Tinsley had problems both with grades and the law during his four seasons playing for the University, but he successfully turned his life around in recent years, and was set to receive his BS in business and marketing in May. He will be awarded the degree posthumously.

Minnesota athletic director Joel Maturi flew back from the Frozen Four tournament after hearing the news of Tinsley's death, and joined the grieving Gopher football team, coach Jerry Kill, and University president Eric Kaler for an emotional news conference Friday afternoon.

The Gary that I knew always made me feel good," he told the Star Tribune. "I think he made others feel good as well."

U Football Player Dismissed

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A player was dismissed from the University of Minnesota Football team Thursday amid charges that he had stolen and used a credit card, the Pioneer Press reports.

Ge'Shun Harris, a Gophers wide receiver, was dismissed from the team after being accused of making over $800 dollars worth of purchases with an American Express card taken from a bag at the Minneapolis-St. Paul Airport in January.

"We had no idea about this situation until today," Gophers head coach Jerry Kill said in a statement. "Based on our team policies and the way we run our program, Ge'Shun Harris was immediately dismissed from our football program. Every member of our team is well-aware of our expectations of them and how we enforce our team policies."

According to the Star Tribune, Harris told police that he had taken the wrong bag from a carousel at upon returning to Minneapolis, but did not bring it back right away for fear of being accused of stealing. He claimed to have gone through the bag in order to return it himself.

Harris later admitted that he had made the purchases with the card, and has been charged with felony financial transaction card fraud. He is set to appear in court on April 4.

Stadium Deal Announced

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State and Vikings officials have announced a plan for a new stadium at the Metrodome site in Minneapolis, according to the Star Tribune.

The proposed plan would build a new stadium on the footprint of the 30-year-old stadium, expanding into property owned by the Star Tribune for a large plaza and tailgate area, and land already owned by Vikings owner Zygi Wilf for additional parking.

Bloomberg reports that the Vikings organization would pay $427 million under the proposed agreement. The state would chip in $398 million from pull-tabs and the city of Minneapolis would divert the remaining $150 million from existing convention center and hospitality taxes. The Vikings and the city will split the cost of yearly upkeep, paying $13 million and $7.5 million respectively.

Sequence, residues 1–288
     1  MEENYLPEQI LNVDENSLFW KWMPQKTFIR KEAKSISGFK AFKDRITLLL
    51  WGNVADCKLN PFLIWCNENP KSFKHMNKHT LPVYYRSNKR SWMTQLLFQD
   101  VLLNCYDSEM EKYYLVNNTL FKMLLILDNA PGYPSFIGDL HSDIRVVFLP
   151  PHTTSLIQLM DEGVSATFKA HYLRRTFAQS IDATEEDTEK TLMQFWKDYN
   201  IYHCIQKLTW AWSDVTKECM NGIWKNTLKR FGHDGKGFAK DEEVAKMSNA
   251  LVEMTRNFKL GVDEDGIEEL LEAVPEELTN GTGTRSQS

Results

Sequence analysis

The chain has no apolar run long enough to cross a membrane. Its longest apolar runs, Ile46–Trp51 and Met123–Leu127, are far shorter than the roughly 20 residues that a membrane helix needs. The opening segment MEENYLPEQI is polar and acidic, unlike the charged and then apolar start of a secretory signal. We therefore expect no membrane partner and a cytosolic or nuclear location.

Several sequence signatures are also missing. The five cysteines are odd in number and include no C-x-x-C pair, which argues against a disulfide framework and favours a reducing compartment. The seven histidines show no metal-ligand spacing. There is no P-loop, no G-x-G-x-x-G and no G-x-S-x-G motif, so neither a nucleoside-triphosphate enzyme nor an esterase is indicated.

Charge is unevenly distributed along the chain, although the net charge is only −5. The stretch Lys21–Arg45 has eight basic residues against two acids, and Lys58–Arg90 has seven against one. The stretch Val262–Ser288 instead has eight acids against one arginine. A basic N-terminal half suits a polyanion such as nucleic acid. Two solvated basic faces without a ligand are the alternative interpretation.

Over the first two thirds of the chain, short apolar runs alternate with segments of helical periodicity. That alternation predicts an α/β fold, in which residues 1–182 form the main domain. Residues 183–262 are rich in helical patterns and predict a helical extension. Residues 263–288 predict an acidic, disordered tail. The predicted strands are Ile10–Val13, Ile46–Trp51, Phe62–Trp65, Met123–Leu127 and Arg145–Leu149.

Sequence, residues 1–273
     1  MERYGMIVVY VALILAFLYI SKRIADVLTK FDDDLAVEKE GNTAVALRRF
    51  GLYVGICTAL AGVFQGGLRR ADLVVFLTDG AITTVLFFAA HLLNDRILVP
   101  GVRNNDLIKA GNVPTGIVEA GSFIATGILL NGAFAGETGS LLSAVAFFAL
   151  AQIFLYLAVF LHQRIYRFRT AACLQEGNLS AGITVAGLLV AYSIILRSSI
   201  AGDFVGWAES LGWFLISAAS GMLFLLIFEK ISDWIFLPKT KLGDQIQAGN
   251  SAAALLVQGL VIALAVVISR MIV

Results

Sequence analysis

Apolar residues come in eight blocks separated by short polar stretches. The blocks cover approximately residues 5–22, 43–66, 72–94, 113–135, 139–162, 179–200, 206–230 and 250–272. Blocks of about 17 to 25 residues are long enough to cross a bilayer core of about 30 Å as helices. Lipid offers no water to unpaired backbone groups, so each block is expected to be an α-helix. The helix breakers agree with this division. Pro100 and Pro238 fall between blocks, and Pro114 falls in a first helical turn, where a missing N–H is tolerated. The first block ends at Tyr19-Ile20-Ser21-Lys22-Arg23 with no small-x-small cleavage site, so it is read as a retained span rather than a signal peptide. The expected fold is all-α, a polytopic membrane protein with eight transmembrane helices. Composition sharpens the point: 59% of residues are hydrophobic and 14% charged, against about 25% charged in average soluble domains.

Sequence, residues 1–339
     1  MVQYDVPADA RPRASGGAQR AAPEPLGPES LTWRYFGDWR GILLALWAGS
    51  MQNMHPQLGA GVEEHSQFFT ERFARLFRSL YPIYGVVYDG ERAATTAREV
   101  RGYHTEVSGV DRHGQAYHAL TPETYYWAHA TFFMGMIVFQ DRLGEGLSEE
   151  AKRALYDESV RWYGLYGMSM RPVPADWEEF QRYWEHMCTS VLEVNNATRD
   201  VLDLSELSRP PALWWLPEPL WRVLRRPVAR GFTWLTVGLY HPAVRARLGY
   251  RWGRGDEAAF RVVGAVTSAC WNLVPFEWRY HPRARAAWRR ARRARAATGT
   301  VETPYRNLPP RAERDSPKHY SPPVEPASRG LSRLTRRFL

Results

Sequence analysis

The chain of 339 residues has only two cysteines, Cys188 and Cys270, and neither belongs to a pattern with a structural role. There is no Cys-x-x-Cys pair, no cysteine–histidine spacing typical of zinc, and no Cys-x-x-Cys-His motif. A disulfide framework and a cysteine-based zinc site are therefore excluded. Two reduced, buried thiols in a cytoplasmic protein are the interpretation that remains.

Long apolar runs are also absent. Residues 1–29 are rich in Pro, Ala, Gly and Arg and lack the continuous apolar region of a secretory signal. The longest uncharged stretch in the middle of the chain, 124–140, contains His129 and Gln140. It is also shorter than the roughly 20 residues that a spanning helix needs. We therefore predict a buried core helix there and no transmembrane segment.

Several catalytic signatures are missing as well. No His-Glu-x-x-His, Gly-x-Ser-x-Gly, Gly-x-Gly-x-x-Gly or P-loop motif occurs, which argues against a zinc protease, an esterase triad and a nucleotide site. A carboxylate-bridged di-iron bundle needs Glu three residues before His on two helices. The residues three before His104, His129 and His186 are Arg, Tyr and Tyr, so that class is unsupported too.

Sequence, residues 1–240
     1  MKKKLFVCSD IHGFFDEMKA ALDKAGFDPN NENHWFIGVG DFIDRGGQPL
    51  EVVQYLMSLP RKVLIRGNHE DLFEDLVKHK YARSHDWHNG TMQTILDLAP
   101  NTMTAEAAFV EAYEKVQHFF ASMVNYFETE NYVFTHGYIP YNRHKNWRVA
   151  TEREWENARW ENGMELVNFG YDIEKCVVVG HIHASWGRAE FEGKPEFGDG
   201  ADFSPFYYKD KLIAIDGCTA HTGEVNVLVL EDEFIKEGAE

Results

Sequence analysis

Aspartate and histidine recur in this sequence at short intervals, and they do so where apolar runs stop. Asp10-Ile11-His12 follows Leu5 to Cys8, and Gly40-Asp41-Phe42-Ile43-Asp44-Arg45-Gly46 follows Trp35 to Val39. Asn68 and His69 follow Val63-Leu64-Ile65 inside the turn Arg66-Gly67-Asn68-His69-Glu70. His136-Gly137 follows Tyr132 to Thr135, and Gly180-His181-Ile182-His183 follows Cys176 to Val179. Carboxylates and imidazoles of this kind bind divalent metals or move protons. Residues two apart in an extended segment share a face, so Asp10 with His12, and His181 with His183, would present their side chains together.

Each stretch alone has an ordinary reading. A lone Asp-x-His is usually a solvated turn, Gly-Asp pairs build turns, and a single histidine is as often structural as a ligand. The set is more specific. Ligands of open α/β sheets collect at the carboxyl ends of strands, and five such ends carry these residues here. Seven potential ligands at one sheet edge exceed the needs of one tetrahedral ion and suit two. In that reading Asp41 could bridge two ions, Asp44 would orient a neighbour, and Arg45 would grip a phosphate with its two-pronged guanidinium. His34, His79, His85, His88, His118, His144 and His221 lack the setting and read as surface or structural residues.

Governor Mark Dayton said that the construction of a new stadium would add 8,000 construction jobs and employ about 5,000 suppliers with out taking any additional money from the state.

According to the Star Tribune breakdown the agreement, the stadium complex would be completed in 2016 and cost roughly $975 million. No design has been decided on but the proposed stadium would have 65,000 seats and have a fixed roof, unless the Vikings decided to kick in additional money for a retractable one.

The stadium is still a long way from becoming a reality: the plans still have to be approved by the Minneapolis city council and the state legislature. However, an agreement between public officials and the Vikings organization represents an important step in the year long battle for a new stadium.

New Light Rail Lines Named

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metro.jpgThe Metropolitan Council announced Wednesday that Metro Transit rapid bus and light rail lines would be receiving new names and a new logo, according the Minnesota Public Radio.

The existing Hiawatha light rail line will be renamed the Blue Line, the Central Corridor line will be named the Green Line, and new rapid transit bus lines along Cedar Avenue and 35W will be named the red and orange lines, respectively.

The Metropolitan Council also announced that the lines will be known as "Metro" and will use a new logo. A capital "T" in a red circle will replace the originally proposed "M" logo. The latter was much derided by city officials and focus groups alike, prompting the change back.

"Everybody had an idea of what the "M" should look like," Bruce Howard, marketing director for Metro Transit, told the Star Tribune. "We were trying to please everybody and really pleased nobody with the "M."

The new logo will appear on rapid transit buses when the lines open in November, on the Green Line when it opens in 2014, and on existing Blue/Hiawatha Line stops as they receive regular maintenance.

The Minneapolis synod of the Evangelical Lutheran Church in America voted in opposition of Minnesota's controversial marriage amendment and to elect the first female Bishop over the weekend, according to the Minn Post.

At the ELCA Minneapolis Synod's annual assembly some 700 Lutherans voted to officially oppose Minnesota's proposed amendment banning same-sex marriage. The synod's vote comes on the heels of Minnesota's catholic bishops (representing 1.1 million minnesotans) declaring their support of the controversial amendment.

The assembly heard from at least a dozen speakers before holding an informal vote in which members of the assembly raised red or green cards. The Star Tribune reported that green overwhelmed red.

But not all Lutherans are in favor of the vote.

"This is a really complex political issue, and I think it's important Christians are involved in the political realm on the individual level," said Clifton Hanson, an area pastor. "I think for us to come together as a group and say the church thinks [that the marriage amendment is wrong] is inappropriate."

The synod said they do not plan to give any money to organizations opposing the amendment.

The weekend's assembly saw another groundbreaking move by the synod, which voted to install the Reverend Ann Svennungsen as Minneapolis' first female Lutheran bishop, the Star Tribune reported.